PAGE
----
Bille Brown was a man and an actor of the world. His worldwide travels before him, he was born in Queensland and worked often there, surviving as a confidently gay man in an often alien society. He has just died in Brisbane, two days after a birthday party, for which he ordered crab, lobster and champagne.
I knew him first in 1986, when he worked outside Australia, on Broadway in Chekov's Platonov play written by Michael Frayn Wild Honey and later when I was playing Widow Twankey in his pantomime Aladdin at the Old Vic Theatre in London. Bille knew a lot about many things literary and theatrical and he was an expert on pantomime. His Swan Down Gloves put the young William Shakespeare at the centre of a pantomime version of his travels from Stratford to London. This was commissioned by the Royal Shakespeare Company, whom he later joined to play a definitive Wicked Witch of the West in their stage version of The Wizard of Oz.
At Aladdin rehearsals, Bille gave me a very helpful acting note to this effect: "The audience loves Twankey because she loves Aladdin her son. So you must find the mother inside yourself Ian." I wonder whether his notes to John Cleese when he directed the master's solo show of late, were as revelatory.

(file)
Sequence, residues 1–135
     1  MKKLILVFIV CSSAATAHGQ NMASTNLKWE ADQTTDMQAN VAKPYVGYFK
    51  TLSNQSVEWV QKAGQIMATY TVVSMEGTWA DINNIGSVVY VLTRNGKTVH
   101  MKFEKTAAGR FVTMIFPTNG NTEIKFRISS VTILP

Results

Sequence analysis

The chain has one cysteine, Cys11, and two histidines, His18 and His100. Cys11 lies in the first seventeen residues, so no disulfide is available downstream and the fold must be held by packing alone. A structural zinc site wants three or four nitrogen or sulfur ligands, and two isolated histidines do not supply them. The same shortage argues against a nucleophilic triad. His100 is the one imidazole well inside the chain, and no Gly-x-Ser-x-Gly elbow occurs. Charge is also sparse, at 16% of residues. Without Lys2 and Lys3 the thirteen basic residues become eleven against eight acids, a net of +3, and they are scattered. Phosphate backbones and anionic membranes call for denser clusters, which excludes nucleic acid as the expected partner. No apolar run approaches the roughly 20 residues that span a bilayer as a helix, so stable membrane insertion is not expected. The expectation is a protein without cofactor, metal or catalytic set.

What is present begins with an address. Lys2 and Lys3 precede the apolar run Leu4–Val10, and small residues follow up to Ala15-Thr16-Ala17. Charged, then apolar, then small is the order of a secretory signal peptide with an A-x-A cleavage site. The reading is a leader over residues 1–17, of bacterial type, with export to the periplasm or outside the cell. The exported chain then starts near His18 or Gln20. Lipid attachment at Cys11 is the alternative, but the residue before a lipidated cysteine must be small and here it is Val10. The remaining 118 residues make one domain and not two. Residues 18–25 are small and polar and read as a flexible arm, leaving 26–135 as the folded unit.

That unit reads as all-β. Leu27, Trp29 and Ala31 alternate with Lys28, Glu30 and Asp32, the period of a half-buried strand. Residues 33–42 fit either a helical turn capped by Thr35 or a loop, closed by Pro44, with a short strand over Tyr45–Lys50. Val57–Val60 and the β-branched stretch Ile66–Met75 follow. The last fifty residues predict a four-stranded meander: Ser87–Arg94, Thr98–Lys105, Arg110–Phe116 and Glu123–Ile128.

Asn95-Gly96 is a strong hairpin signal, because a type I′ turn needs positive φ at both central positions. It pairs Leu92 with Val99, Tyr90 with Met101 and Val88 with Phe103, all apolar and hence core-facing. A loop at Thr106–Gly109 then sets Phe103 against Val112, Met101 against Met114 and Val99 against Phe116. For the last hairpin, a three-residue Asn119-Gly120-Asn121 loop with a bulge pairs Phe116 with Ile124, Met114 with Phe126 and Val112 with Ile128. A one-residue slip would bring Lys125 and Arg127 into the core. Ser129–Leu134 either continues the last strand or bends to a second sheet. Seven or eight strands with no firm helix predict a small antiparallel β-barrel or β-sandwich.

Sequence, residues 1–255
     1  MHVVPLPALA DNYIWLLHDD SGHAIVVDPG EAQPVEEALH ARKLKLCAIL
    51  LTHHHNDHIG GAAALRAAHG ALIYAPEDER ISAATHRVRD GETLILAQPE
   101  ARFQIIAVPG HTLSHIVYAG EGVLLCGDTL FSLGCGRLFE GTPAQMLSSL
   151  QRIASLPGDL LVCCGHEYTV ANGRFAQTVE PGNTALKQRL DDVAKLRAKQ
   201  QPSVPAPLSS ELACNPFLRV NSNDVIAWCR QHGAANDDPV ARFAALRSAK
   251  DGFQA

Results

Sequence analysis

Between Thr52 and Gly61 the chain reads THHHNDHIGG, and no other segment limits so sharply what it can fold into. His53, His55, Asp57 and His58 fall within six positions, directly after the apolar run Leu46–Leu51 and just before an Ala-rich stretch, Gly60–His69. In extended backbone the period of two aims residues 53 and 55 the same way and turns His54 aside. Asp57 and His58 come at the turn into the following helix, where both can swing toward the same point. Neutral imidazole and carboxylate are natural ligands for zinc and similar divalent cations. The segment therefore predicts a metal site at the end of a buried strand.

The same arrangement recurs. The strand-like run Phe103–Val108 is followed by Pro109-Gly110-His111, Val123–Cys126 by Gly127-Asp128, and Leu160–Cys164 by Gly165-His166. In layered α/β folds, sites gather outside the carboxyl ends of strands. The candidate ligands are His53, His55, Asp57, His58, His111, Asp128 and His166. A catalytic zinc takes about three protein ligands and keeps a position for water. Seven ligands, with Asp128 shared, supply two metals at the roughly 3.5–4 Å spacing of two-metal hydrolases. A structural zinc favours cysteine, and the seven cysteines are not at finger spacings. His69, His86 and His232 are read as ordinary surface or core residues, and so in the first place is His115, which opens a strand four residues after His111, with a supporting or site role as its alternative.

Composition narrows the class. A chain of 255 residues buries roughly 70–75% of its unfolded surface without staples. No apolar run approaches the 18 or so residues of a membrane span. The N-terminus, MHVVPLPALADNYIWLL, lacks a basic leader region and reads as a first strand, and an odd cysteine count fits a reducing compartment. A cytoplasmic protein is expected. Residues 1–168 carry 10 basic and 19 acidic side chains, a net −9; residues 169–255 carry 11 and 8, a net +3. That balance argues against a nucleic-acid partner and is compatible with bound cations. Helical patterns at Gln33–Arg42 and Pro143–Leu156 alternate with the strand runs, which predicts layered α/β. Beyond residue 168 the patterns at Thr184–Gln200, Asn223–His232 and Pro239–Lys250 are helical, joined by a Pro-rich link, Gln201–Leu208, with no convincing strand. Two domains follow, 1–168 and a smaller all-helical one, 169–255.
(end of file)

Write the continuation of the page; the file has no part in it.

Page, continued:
Bille was renowned at home for many performances in Shakespeare and other classics, as well as in in his own plays: as Oscar Wilde in David Hare's Judas Kiss; as King Arthur in Spamalot - an enviable range, all delivered with that extravagant relish and joyful energy which were his trademarks offstage too. He fell in love often, passionately: he befriended people easily and remained committed: he adored telling stories, wild and improbable but always true, about the theatre. His company would lift any dinner-party, any rehearsal room and will be forever missed.
Other tributes will praise the bigness of his personality, the flourish of his dress sense but they might miss the sweetness of the man. Inside the big bear was a gentle gentleman, not shy but always polite, considerate and eager to please, not because he wanted to be liked but because he wanted to help. He was never happier than when cooking for a hungry mate or treating a penniless one.
Australia rightly gave him an honour: so did his University of Queensland. I just hope, as his spirit leaves us, that he realised how respected he was by the rest of us, his friends, colleagues and audiences:: how we too honoured him and how much we loved him.
— Ian McKellen, 13 January 2013